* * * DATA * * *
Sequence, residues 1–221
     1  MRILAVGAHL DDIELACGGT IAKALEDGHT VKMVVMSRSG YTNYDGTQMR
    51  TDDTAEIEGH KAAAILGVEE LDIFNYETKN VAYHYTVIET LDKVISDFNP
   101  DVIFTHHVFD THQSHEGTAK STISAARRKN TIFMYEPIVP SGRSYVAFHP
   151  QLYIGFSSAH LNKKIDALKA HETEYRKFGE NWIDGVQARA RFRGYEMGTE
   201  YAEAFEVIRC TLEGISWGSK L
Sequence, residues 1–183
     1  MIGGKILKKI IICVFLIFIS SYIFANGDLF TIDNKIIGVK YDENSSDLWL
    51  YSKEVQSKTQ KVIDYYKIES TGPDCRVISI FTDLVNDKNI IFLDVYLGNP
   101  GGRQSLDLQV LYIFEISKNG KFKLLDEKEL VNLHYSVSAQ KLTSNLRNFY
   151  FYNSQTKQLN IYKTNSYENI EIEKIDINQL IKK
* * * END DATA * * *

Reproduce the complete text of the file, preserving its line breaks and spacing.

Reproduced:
Sequence, residues 1–221
     1  MRILAVGAHL DDIELACGGT IAKALEDGHT VKMVVMSRSG YTNYDGTQMR
    51  TDDTAEIEGH KAAAILGVEE LDIFNYETKN VAYHYTVIET LDKVISDFNP
   101  DVIFTHHVFD THQSHEGTAK STISAARRKN TIFMYEPIVP SGRSYVAFHP
   151  QLYIGFSSAH LNKKIDALKA HETEYRKFGE NWIDGVQARA RFRGYEMGTE
   201  YAEAFEVIRC TLEGISWGSK L
Sequence, residues 1–183
     1  MIGGKILKKI IICVFLIFIS SYIFANGDLF TIDNKIIGVK YDENSSDLWL
    51  YSKEVQSKTQ KVIDYYKIES TGPDCRVISI FTDLVNDKNI IFLDVYLGNP
   101  GGRQSLDLQV LYIFEISKNG KFKLLDEKEL VNLHYSVSAQ KLTSNLRNFY
   151  FYNSQTKQLN IYKTNSYENI EIEKIDINQL IKK